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FRANCIS LANCELOTT, ESQ. Queens of England. Vol.1.


Sir John Froissart's Chronicles of England, France, Spain and the Ajoining Countries from the latter part of the reign of Edward II to the coronation of Henry IV in 12 volumes 

Chronicles of Enguerrand De Monstrelet (Sir John Froissart's Chronicles continuation) in 13 volumes 

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Queens of England. Vol.1.
page 35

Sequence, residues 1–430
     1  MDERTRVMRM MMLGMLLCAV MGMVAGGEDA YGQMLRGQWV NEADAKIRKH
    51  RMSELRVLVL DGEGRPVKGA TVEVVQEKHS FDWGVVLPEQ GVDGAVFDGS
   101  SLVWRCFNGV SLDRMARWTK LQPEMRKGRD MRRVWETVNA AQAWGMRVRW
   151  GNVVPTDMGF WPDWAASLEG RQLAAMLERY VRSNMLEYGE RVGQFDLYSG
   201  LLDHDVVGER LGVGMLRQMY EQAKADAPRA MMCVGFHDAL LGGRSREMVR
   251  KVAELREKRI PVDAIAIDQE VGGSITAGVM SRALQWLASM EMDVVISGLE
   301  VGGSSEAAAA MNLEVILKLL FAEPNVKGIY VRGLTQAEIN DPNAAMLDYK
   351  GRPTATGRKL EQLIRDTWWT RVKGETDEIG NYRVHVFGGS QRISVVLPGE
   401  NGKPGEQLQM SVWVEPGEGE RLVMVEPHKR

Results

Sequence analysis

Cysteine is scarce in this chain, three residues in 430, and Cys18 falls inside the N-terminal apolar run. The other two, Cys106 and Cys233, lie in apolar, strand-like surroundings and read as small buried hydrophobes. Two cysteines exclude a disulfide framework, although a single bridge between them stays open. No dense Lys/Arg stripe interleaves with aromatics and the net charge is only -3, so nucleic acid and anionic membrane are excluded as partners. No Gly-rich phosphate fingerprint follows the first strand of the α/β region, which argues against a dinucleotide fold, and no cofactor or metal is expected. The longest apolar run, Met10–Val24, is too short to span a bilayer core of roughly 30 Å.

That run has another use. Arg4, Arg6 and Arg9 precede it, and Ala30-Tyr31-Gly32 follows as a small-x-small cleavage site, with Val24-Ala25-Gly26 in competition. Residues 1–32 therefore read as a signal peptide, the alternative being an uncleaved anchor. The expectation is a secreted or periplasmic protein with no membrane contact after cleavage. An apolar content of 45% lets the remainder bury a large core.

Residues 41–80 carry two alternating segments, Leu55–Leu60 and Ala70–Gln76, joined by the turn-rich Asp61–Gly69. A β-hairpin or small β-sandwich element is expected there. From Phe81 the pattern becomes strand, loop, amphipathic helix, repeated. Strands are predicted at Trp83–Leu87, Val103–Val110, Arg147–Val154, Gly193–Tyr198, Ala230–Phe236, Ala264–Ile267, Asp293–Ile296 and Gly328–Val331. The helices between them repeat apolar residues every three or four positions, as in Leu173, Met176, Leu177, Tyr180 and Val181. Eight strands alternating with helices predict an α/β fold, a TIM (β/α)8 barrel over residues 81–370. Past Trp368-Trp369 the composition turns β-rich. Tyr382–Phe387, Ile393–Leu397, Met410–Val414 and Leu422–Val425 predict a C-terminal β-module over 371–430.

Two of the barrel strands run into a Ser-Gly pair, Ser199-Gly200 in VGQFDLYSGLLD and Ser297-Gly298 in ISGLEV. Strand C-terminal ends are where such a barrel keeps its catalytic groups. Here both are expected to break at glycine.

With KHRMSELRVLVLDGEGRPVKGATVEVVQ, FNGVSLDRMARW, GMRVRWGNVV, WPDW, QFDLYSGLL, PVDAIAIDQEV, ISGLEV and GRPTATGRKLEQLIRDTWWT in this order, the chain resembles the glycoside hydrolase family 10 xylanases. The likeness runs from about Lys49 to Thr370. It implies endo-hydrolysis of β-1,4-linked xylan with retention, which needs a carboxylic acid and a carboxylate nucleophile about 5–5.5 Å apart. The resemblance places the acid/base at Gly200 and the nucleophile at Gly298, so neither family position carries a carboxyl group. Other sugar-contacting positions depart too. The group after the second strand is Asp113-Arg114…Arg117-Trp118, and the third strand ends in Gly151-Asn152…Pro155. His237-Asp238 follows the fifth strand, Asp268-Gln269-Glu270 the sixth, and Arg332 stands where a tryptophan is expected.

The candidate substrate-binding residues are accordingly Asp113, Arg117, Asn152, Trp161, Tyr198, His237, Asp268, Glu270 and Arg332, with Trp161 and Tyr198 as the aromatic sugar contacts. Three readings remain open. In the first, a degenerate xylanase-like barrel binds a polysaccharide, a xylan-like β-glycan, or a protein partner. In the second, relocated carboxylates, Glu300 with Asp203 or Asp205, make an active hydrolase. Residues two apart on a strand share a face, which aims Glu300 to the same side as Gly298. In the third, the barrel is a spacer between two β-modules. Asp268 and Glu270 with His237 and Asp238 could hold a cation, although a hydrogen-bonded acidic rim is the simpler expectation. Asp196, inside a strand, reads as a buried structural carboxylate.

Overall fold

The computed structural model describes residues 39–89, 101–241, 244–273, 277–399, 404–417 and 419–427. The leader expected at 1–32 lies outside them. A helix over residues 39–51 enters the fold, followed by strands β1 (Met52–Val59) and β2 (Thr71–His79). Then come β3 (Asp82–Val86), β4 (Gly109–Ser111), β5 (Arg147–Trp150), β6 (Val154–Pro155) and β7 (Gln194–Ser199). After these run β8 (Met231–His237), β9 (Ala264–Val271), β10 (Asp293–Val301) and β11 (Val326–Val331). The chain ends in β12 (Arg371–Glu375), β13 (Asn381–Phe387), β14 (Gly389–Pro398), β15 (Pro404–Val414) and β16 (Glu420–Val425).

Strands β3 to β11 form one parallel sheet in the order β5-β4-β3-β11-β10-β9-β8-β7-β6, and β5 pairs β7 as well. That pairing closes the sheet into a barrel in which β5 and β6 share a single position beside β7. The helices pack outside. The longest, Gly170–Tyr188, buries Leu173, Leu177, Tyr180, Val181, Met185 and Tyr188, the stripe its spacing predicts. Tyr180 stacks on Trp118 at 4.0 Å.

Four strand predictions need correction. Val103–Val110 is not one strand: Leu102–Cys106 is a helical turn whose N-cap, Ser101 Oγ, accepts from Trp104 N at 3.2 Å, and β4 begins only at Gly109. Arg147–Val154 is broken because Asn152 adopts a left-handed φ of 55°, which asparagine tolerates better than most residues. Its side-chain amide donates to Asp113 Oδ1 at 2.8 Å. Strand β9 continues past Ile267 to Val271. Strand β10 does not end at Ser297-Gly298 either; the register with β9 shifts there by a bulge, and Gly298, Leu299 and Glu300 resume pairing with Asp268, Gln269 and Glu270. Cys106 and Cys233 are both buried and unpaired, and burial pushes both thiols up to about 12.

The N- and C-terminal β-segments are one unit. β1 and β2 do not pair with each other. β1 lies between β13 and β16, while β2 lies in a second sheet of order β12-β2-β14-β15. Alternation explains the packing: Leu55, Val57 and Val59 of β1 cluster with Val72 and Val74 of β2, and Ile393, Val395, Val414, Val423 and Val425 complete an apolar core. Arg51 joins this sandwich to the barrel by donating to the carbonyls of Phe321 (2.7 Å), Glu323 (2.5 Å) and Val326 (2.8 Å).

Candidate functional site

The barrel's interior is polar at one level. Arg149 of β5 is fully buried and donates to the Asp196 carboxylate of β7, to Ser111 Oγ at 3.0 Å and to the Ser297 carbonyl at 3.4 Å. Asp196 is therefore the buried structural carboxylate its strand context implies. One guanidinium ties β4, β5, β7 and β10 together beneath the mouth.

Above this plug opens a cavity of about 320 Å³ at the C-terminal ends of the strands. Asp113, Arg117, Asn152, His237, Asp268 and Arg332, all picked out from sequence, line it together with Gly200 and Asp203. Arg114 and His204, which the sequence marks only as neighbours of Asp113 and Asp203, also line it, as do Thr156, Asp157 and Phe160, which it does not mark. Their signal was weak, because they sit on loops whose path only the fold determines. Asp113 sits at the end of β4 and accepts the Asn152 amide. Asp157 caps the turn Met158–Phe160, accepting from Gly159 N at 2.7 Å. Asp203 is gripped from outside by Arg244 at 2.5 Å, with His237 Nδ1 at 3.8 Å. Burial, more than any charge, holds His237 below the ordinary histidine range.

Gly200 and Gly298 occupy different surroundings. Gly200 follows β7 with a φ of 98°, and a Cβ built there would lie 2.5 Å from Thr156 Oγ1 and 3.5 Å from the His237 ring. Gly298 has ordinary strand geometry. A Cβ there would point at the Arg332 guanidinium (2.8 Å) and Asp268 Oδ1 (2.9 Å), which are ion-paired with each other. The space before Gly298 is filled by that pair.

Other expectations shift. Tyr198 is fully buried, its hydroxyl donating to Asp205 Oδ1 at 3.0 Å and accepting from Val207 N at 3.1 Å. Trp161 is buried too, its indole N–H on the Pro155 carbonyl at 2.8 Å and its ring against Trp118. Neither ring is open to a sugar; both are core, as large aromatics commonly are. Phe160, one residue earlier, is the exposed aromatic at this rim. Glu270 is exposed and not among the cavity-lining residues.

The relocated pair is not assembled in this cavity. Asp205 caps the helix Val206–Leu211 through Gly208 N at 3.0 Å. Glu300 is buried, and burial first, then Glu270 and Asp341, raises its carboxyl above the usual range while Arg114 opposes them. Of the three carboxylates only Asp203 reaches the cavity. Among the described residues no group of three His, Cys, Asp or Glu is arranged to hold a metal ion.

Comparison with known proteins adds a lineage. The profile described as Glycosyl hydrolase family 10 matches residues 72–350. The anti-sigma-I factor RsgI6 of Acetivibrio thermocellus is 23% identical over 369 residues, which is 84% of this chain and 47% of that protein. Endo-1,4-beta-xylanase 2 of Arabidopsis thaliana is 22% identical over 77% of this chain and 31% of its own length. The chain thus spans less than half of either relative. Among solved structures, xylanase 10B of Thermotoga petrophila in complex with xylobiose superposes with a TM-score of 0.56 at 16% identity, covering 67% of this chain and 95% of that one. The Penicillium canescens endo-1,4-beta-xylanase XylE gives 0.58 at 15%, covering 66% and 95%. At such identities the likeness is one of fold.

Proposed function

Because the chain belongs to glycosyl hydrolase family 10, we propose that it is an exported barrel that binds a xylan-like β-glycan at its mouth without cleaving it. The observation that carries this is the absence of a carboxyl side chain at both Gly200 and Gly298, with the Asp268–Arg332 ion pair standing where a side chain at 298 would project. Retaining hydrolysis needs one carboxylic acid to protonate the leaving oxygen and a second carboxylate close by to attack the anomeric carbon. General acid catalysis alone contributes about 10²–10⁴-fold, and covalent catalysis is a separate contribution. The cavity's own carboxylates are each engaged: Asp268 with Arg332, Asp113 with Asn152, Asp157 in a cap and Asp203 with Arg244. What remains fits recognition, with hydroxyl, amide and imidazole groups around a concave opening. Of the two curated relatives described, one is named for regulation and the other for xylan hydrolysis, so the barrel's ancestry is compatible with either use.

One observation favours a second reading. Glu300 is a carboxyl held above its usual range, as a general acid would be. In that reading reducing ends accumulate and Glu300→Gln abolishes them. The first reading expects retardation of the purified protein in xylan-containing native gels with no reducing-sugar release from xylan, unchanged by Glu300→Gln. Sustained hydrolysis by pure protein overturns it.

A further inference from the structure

ropoan monarca.. Eut in this life of seclusion she appears to have enjoyed hut little happiness. Her aunt Christina's unceasing efforts to induce her to take the veil, a measure which she had determined not to adopt, greatly disquieted her mind, and she was personally endangered by the malice of a Norman knight, who told William Kufus that Edgar had brought his sister's children to England, only with a view to dispossess the Normans of the crown. But the lied King, who, despite the viciousness of his character, had always treated both Edgar Athclingund his adopted orphans with kindness, disregarded the malicious report, and the officious miseliief-maker was for his foul scandal challenged and slain in single combat by Edgar's friend, Arthur Ethclbert. Whilst Matilda was an inmate of Wilton Abbey, the Duke of Brittany, then a widower, arrived in England, and after first obtaining the consent of his brother-in-law, William Itufus, proffered her his hand in marriage. But she rejected the offer of the " grandfather wooer," as she humorously styled the mature suitor, with scorn, and declared she would rather take the veil, abhorrent as it was to her, than consent to so unsuitable a match. Shortly afterwards, the Earl of Surrey, William Warren, a powerful baron, and a nephew to the lied King, became enamoured of her, and, singular to relate, young, handsome, and wealthy as he was, she no more favoured his suit than that of Ids grave predeces sor, the Duke of Brittany ; her excuse being, that she intended shortly to take the veil. It, however, appears probable that her real motive for rejecting the Earl's addresses, was the secret passion she en tertained for the young Prince Henry of Normandy, a passion which doubtless was encouraged to the full by her priest and guardian, Turgot, who, being a deep thinking, clear-sighted Saxon, at once perceived the advantages that would ac crue to his suffering countrymen, by the union upon the throne of the royal Saxon and Norman lines. At this period Henry was exceedingly poor ; income he had none, and his sole dependence was on his capricious brother, the Bed King. Like his kindred, he was passionately fond of hunting, and, for lack of a horse, pursued the game on foot. From this circumstance. Warren, and other wealthy nobles, sarcastically nicknamed him Deer's-foot, an insult which he never forgave. Henry's poverty, however, was not the effect of his own extravagance, as his father, William the Conqueror, when he died, left him but five thousand pounds of silver, which, says the chronicler Speed, so annoyed the young Beauclcrc, that he remonstrated with his sire for bequeathing him such a paltry pittance. " What," said he, " can I do with the silver, without castle or domain to support my dignity ?" "Trust in Cod, and patiently Avait the events of time," answered the dying monarch ; " for behold, thou most favoured of my sons, thou inheritor of all my greatness, although to Hubert and William I give the crowns of Normandy and England, thy brothers go before thee but for a brief period ; soon will their reigns be over, and all my possessions and wealth become thine." Unsatisfactory as this short but solemn prediction appeared, at the time, to the landless Prince, it was actually fulfilled to the very letter. The rays of but twenty summer suns had kissed the Conqueror's tomb, when the triumphant Henry wore the crowns of the united dominions of England and Normandy. It is recorded that at the period of his adversity, Henry was Matilda's accepted lover. But when, or under what cir cumstances.the fair princess won his heart, historv saith not. Probably he accom panied Edgar Atheliug or the Duke of Brittany on their visits to her at Wilton Abbey, and thus was enabled to converse with her, and behold her without the veil, which she cast aside on every possi ble occasion. Be this as it may, we are told by a contemporary chronicler, that long before circumstances admitted of their union— " The rovai pair loved speciallie, lint durst not wed for povcrtie ; Domains and laud Η none had Henri, And Maude of Scotland, fairest she, Hud nothing hut her pedigree. Then, Saxons-Normans, moan with me. For Princess Maude and young Henri.™

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